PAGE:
Twitter Expands Its Alerts Service To The UK And Ireland To Push Out Critical Info From The Met Police And 56 Others

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Twitter Alerts — a service that Twitter launched in September for emergency, relief and charity organizations from the U.S., Japan and Korea to send out critical messages to opted-in users — is getting more international. Today, the newly public company is turning on Twitter Alerts in the UK and Ireland.

Some 57 Twitter accounts across the two countries have signed on so far, mostly in the UK. They include all 47 UK police forces, An Garda Síochána in Ireland, the London Fire Brigade, the Mayor of London’s office, the Foreign Office, and the Environment Agency — who will now send alerts on their latest critical news, with the information appearing as highlighted tweets, SMS notifications, and push notifications if you use Twitter’s iOS or Android apps.

For all of these, users have to opt-in, and the idea here is that the organizations doing the alerting will be limiting their messages to important ones. “While participating organisations choose what information merits a Twitter Alerts designation, this feature is intended for crisis, disaster and emergency communications,” Twitter notes.

“Getting fast and accurate information to the public in a major incident or terrorist attack really could make a life-saving difference,” noted Commander David Martin, who oversees emergency planning for the Metropolitan Police Service, in a statement. “Using social networking sites, including Twitter, gives us additional ways to talk directly to the public. Twitter Alerts means that our messages will stand out when it most matters.”

For now it seems like the only way to sign up for alerts for particular organizations is to visit Twitter’s Alerts pages to browse and add accounts — there are no “alert” buttons on the accounts themselves.

As we pointed out in September, Twitter Alerts was borne out of “Lifeline,” a service that Twitter created to help with the relief effort after the 2012 earthquake and tsunami in Japan. For a platform that has been building up its credibility as the go-to place for people to get real-time information about what’s on TV, Twitter Alerts is a way to show that you can use the same framework for potentially more urgent purposes.

Same means, different ends, and in the end, all controlled by Twitter — which cannot be said for some of the other “alerts” services that have run over Twitter in the UK in the past. Last year, for example, around the London 2012 Olympics ticket sell-out furore, several accounts popped up offering users alerts for when tickets would get released for different, previously sold-out events, but Twitter took many of them down.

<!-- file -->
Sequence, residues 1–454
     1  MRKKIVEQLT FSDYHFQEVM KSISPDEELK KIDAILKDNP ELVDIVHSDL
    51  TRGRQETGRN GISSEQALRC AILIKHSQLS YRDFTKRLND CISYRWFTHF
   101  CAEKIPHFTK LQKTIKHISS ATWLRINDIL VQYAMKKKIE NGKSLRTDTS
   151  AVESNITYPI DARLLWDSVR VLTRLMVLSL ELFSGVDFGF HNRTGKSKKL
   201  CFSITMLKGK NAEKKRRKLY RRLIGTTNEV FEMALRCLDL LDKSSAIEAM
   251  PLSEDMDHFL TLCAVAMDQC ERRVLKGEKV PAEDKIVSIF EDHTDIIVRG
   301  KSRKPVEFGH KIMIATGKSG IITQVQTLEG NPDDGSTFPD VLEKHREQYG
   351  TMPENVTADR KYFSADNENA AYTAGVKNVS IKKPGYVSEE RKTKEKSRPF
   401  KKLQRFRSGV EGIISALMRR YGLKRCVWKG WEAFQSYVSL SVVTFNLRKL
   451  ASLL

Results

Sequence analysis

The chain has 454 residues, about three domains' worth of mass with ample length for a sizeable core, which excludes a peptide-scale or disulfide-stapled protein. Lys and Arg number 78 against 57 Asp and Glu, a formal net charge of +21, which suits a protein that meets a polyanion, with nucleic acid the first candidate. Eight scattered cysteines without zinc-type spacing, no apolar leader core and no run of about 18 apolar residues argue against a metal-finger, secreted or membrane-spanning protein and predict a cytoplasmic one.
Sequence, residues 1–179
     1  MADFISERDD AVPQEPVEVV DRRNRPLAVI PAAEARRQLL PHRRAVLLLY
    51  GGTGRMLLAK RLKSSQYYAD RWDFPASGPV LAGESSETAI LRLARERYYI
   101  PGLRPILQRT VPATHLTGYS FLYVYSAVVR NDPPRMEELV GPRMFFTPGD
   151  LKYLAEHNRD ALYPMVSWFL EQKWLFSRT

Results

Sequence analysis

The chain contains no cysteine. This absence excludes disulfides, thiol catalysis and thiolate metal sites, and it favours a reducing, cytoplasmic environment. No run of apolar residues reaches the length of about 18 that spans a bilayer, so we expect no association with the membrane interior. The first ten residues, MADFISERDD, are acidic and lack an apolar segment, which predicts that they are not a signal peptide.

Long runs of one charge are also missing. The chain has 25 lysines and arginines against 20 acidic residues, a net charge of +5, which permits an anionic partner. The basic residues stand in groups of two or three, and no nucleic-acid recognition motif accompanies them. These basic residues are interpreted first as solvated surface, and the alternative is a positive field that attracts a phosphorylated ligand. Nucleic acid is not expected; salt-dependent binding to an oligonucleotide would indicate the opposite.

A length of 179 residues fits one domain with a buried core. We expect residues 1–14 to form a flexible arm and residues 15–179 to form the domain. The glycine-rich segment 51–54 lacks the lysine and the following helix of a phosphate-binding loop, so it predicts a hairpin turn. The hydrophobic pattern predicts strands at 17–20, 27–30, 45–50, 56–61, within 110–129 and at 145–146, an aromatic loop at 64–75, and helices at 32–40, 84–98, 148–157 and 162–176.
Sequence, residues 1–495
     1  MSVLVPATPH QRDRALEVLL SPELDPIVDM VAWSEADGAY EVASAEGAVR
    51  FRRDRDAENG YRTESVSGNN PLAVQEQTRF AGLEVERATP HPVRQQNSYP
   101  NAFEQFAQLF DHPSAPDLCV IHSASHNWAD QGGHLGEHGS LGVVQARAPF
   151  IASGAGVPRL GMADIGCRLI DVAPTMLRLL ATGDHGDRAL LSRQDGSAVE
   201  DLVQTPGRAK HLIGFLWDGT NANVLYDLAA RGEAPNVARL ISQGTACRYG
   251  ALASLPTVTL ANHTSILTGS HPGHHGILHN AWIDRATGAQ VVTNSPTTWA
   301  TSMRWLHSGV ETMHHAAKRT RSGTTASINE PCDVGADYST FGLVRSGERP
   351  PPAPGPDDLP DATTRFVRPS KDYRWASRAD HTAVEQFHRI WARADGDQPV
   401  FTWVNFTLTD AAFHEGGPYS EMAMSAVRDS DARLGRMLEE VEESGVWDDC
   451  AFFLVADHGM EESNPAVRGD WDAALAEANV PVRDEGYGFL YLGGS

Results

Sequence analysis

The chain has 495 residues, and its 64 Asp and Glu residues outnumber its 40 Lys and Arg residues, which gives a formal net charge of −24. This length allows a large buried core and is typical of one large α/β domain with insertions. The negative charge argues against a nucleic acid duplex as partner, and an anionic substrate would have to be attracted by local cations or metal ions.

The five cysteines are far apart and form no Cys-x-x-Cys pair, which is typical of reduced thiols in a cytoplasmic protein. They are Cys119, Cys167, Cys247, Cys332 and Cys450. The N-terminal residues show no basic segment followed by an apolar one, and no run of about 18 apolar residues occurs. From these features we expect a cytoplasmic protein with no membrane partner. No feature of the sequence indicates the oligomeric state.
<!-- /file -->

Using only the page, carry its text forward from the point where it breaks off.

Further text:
Since last year, Twitter has been trying out a lot of different features as part of a philosophy of innovate through experimentation, from new features in its Timeline to new looks on its apps. Some of these go on to become full features, and some fall by the wayside. The fact that Twitter Alerts is now expanding beyond its original footprint, and playing to Twitter’s intent to continue to grow internationally, is a sign that it might be one of those that is here to stay.

Twitter AlertsAlthough a spokesperson declined to comment to me about where Twitter Alerts might go next, I noticed that when you signed up for Alerts to come to your phone, you were given a specific lists of countries from which you could register your phone. This could be a list of where Twitter may be looking to launch this service next.

Alerts complements some of the other products Twitter has launched in recent months that use notifications to flag information to its users — a way to help shape the service and promote people to interact more on the platform. EventParrot and MagicRecs use direct messages sent to those who follow the accounts with details respectively of big events, and users and tweets seeing surges of momentum. Twitter labels both accounts “experiments” for now.

While both MagicRecs and EventParrot are personalized to your own profile as it exists on Twitter (it essentially alerts you to what’s going on in your own defined Twitter sphere of influence), Alerts is positioned a bit differently. The service is more like a dedicated one-to-many broadcast channel for those who have opted in to receive it, providing the organizations with a way to highlight certain public tweets for those who want to see them. Given that many people follow hundreds or thousands of accounts, and unless you are a power user who combs the site for all the latest news, there are changes that you will miss things; this is one way of you making sure you do not.

For now, Alerts are free both for consumers and NGOs and emergency organizations to activate and use — a reminder of how Twitter has positioned itself as the town square for the connected world. But as Twitter builds these out, and measures what kind of response people have to the different features, I wouldn’t be surprised to see the same basic concept applied to paid and sponsored pushed alerts, too.